Why are so many security professionals reluctant to openly discuss what their rules are?

Why are so many security professionals reluctant to openly discuss what their rules are?

Well-written and well-understood rules help everyone in an organisation succeed and minimize unproductive conflict. Why, then, are so many security professionals reluctant to openly discuss what their rules are? Especially with brand-new hires?

Rules are important. Regulators, auditors, and lawyers love rules because they provide an outsider with a clear and precise standard for evaluating an organisation’s performance. Supervisors love rules because they make it easier to regulate and routinise business processes. Workers love rules because they clearly mark the outer limits of acceptable behaviour in the workplace.

This is not to say that anyone loves the individual rules themselves; there are rules in every organisation on earth that are ill-conceived, poorly-worded, frustrating, outdated, or downright counterproductive. They’re written by humans, after all. No, it’s having clear rules that makes most people happy. People want to succeed (and to stay out of trouble). That means knowing what the rules are wherever you are, for whatever you’re doing.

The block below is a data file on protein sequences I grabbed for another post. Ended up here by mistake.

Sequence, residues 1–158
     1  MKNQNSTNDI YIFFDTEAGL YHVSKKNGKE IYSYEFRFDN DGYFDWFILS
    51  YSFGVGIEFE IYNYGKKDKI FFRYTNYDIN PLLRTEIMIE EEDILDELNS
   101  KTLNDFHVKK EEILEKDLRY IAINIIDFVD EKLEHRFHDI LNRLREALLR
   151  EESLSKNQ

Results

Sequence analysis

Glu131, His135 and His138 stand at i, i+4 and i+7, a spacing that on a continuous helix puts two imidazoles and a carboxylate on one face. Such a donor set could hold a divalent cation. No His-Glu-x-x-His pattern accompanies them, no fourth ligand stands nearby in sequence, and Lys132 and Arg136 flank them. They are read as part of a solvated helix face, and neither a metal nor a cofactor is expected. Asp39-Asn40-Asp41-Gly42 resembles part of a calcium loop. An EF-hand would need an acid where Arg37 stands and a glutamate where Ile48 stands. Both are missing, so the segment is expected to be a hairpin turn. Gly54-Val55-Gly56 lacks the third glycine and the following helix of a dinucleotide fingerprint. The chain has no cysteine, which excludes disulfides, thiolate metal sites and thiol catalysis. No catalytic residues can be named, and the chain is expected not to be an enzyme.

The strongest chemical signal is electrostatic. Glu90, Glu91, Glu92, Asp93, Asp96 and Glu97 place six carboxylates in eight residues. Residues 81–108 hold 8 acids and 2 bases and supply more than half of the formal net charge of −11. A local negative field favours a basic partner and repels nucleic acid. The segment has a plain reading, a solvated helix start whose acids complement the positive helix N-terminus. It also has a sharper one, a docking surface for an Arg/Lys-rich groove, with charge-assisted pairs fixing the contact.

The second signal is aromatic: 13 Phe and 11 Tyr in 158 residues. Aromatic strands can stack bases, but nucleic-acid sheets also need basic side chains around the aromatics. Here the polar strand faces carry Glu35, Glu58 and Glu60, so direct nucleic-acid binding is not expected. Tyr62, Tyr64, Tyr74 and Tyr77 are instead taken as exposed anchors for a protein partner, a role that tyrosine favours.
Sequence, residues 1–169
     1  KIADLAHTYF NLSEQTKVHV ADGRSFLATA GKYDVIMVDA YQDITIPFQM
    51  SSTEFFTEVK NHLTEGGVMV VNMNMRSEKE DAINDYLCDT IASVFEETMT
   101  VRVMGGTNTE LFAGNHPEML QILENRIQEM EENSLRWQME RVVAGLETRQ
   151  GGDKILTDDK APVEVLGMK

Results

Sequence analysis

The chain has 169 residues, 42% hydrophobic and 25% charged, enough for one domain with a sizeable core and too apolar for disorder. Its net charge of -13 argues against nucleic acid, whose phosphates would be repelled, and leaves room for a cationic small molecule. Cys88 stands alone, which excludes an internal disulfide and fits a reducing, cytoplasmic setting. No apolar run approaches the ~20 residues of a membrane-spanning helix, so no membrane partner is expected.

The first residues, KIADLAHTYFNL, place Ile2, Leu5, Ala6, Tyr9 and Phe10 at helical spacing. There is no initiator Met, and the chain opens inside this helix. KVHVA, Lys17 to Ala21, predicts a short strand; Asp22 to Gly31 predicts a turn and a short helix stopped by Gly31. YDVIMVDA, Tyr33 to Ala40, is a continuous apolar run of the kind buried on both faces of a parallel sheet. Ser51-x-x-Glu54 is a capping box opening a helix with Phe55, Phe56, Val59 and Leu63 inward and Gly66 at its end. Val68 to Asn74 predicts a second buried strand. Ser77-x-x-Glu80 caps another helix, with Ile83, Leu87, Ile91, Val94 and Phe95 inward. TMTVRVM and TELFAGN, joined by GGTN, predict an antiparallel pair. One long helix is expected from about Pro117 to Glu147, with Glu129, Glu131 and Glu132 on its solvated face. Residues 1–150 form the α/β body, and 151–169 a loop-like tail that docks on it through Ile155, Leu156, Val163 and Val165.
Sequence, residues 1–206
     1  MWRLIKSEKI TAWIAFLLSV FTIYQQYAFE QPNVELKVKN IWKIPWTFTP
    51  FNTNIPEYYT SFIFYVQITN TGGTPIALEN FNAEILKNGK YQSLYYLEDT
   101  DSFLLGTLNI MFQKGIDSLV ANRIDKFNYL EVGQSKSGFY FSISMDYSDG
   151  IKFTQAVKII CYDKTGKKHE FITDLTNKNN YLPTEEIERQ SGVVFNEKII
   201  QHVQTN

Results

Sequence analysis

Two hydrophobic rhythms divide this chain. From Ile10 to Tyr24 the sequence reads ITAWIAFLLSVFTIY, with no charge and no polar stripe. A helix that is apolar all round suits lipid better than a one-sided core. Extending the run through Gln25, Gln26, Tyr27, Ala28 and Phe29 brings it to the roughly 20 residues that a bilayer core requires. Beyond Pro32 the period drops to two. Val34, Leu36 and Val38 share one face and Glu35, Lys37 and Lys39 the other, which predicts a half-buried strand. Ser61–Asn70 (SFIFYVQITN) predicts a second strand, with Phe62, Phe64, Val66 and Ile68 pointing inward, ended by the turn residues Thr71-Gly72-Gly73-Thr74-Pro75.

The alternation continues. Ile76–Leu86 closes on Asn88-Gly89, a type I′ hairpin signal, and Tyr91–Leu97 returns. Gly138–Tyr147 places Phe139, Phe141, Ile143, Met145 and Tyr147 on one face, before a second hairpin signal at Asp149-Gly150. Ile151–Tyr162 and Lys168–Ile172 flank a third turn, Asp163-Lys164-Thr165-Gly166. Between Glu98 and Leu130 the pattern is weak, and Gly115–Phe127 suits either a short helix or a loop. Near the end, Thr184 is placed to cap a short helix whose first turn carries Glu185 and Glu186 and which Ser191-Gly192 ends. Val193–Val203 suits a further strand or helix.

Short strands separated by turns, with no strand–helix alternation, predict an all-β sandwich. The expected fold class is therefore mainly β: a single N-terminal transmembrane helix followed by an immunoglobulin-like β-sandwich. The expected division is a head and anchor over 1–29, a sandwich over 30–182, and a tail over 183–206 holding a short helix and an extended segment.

As an example: when I was growing up in Kansas, it was normal to send elementary school kids outside once a day to burn off energy. We called it ‘recess.’ This was generally unstructured play; each grade level was assigned a specific area on the schoolgrounds and were warned that we couldn’t leave the perimeter. [1] Beyond that, what each kid did with their 20-30 minutes outside was largely up to them. Run in circles? Swing? Queue up for the slide? Lean against the building and make ironic comments? Your time was your own. So long as you stayed on-campus and came back in when the whistle blew, no one cared.

On one blazingly hot afternoon in fifth grade, though, our teacher decided to force our class to play an unscheduled game of ‘kickball’ during recess. This was … unusual. First, no single group was allowed to secure an entire corner of the schoolgrounds for an exclusive activity. Second, recess was supposed to be unstructured. Third, the proper time and place for learning games was gym class (which we’d already had that day). Nonetheless, everyone marched out to the rusty old backstop furthest from the building in the baking heat and prepared to endure a few pointless innings.